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Australian House of Representatives Division
The Division of Dalley was an Australian Electoral Division in New South Wales. The division was created in 1900 and was one of the original 75 divisions contested at the first federal election. It was named for the colonial politician William Dalley and was located in the inner suburbs of Sydney, including Balmain, Glebe and Leichhardt. It was abolished in 1969.
For most of its history it was a safe seat for the Australian Labor Party, which held it without interruption from 1910 onward. In the 1930s it was a stronghold of the radical Premier of New South Wales, Jack Lang. Its most prominent member was Ted Theodore, who was deputy prime minister and treasurer in the Scullin government, having previously been Premier of Queensland. He was defeated in 1931 by the Lang follower and later Deputy Leader of Australian Labor Party (Non-Communist) Sol Rosevear, who was Speaker during the Curtin and Chifley governments.
| William Wilks |
|Free Trade|| 29 March 1901 –|
|Previously held the New South Wales Legislative Assembly seat of Balmain North. Served as Chief Government Whip in the House under Reid. Lost seat|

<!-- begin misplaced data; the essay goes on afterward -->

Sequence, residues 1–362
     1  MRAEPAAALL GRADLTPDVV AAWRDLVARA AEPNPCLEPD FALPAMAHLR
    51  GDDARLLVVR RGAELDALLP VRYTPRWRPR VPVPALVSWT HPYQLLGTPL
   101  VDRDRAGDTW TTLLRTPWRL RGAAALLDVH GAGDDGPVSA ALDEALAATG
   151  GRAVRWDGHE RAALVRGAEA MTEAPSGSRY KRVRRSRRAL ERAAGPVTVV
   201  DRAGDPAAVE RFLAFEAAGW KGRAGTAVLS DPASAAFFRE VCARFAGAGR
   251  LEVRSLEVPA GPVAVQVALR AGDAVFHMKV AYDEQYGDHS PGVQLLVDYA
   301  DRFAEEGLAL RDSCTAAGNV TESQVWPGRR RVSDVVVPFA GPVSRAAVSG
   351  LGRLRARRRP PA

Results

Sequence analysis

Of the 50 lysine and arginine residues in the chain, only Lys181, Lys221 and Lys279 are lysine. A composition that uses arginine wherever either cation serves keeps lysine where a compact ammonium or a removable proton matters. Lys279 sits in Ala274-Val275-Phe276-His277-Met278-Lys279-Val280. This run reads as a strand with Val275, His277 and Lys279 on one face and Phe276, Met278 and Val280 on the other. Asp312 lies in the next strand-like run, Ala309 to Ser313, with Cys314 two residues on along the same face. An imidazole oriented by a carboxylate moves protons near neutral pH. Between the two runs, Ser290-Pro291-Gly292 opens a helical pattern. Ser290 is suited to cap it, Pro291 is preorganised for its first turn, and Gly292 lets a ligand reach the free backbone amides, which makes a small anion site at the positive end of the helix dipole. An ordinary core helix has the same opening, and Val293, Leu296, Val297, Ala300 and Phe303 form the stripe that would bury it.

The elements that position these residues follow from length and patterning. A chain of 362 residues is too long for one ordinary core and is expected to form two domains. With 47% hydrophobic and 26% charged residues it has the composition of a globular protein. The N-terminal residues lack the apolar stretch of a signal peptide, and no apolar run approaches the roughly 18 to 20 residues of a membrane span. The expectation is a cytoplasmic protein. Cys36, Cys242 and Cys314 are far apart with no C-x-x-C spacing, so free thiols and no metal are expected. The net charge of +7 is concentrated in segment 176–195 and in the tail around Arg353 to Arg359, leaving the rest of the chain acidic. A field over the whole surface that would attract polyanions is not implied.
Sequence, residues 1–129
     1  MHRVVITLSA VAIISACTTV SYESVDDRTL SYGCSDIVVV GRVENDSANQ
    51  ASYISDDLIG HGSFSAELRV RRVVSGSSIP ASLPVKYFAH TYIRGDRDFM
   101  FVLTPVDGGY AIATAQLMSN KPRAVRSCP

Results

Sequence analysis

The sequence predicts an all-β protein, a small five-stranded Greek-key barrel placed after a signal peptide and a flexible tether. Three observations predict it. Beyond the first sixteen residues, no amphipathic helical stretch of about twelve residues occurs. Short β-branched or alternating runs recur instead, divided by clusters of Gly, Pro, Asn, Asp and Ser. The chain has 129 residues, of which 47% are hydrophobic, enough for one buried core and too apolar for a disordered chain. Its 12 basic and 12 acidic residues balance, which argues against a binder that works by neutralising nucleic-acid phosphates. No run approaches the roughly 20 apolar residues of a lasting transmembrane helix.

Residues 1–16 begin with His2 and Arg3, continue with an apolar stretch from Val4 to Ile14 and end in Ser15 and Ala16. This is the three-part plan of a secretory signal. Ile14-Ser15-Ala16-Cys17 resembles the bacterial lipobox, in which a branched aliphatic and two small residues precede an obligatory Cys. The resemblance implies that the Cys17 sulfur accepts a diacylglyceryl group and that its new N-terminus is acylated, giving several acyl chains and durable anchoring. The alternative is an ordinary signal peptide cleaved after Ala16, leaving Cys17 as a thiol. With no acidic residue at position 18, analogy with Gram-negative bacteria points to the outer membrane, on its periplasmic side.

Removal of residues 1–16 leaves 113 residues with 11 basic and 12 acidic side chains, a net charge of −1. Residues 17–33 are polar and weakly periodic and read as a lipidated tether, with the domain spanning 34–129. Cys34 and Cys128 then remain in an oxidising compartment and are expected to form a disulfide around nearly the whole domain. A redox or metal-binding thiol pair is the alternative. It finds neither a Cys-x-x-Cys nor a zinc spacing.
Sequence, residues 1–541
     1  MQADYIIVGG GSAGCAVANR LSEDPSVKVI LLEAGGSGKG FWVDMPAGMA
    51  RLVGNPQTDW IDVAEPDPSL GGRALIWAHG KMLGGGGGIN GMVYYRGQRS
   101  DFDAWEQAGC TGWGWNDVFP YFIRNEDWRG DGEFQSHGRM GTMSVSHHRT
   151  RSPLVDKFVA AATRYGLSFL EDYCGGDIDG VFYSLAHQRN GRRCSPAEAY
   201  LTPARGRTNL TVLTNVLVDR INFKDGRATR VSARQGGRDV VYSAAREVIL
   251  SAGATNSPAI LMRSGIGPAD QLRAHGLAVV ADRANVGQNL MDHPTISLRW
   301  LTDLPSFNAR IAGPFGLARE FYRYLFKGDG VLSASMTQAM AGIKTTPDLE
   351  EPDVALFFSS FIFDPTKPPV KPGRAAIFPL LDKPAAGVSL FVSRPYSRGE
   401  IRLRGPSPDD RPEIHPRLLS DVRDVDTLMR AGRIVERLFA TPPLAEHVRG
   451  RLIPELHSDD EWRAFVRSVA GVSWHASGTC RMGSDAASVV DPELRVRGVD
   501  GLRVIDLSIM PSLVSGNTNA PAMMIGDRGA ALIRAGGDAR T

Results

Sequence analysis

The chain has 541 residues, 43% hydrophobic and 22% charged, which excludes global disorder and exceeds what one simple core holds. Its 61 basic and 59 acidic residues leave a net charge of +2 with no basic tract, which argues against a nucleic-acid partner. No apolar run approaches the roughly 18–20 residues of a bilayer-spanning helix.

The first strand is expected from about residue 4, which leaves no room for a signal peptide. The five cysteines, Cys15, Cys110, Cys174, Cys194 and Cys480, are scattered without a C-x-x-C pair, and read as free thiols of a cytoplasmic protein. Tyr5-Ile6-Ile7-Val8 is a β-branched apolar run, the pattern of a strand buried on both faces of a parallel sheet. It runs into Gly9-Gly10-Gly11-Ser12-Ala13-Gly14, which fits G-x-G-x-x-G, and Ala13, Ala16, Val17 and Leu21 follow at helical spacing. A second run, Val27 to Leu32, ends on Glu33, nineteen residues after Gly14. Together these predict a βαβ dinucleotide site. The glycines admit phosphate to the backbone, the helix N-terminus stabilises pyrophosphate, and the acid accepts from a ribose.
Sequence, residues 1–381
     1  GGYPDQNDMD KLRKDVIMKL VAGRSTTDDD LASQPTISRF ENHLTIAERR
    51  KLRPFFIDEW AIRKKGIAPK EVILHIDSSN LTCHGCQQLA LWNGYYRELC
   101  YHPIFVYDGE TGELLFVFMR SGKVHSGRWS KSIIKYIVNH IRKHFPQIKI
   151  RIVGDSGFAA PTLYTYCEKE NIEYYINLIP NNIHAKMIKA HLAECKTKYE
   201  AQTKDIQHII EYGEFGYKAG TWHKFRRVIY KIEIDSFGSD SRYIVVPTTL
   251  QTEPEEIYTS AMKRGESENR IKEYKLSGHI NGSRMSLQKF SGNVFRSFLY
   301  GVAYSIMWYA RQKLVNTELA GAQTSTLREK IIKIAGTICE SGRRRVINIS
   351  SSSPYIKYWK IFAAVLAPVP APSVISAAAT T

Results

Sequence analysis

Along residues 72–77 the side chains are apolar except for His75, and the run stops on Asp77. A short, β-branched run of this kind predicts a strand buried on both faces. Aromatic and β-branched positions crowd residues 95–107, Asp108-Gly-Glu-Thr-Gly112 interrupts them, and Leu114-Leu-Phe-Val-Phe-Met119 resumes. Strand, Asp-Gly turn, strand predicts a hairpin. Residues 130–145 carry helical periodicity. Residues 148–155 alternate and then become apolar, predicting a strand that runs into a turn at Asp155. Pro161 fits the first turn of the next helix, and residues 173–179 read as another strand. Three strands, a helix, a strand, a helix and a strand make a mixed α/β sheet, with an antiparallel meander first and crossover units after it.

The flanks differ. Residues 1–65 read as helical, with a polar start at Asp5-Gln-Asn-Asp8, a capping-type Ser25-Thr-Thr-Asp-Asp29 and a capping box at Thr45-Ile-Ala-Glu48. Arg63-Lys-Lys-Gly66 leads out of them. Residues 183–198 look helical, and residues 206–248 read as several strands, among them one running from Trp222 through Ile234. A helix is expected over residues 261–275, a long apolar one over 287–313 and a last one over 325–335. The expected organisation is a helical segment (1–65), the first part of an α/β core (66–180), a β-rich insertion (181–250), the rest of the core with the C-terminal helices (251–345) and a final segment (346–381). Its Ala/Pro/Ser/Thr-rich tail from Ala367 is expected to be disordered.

26 May 1909
|Commonwealth Liberal||26 May 1909 –|
13 April 1910
| Robert Howe |
|Labor|| 13 April 1910 –|
2 April 1915
|Died in office|
| William Mahony |
|Labor|| 6 May 1915 –|
18 January 1927
|Resigned in order to retire from politics|
| Ted Theodore |
|Labor|| 26 February 1927 –|
19 December 1931
|Previously held the Legislative Assembly of Queensland seat of Woothakata and Queensland Premier. Served as deputy prime minister under Scullin. Lost seat|
| Sol Rosevear |
|Labor (NSW)|| 19 December 1931 –|
|Served as Speaker during the Curtin, Forde and Chifley Governments. Died in office|
|Labor||February 1936 –|
2 May 1940
|Labor (Non-Communist)||2 May 1940 –|
|Labor||February 1941 –|
21 March 1953
| Arthur Greenup |
|Labor|| 9 May 1953 –|
4 November 1955
|Previously held the New South Wales Legislative Assembly seat of Newtown-Annandale. Lost preselection and retired|
| William O'Connor |
|Labor|| 10 December 1955 –|
29 September 1969
|Previously held the Division of Martin. Retired after Dalley was abolished in 1969|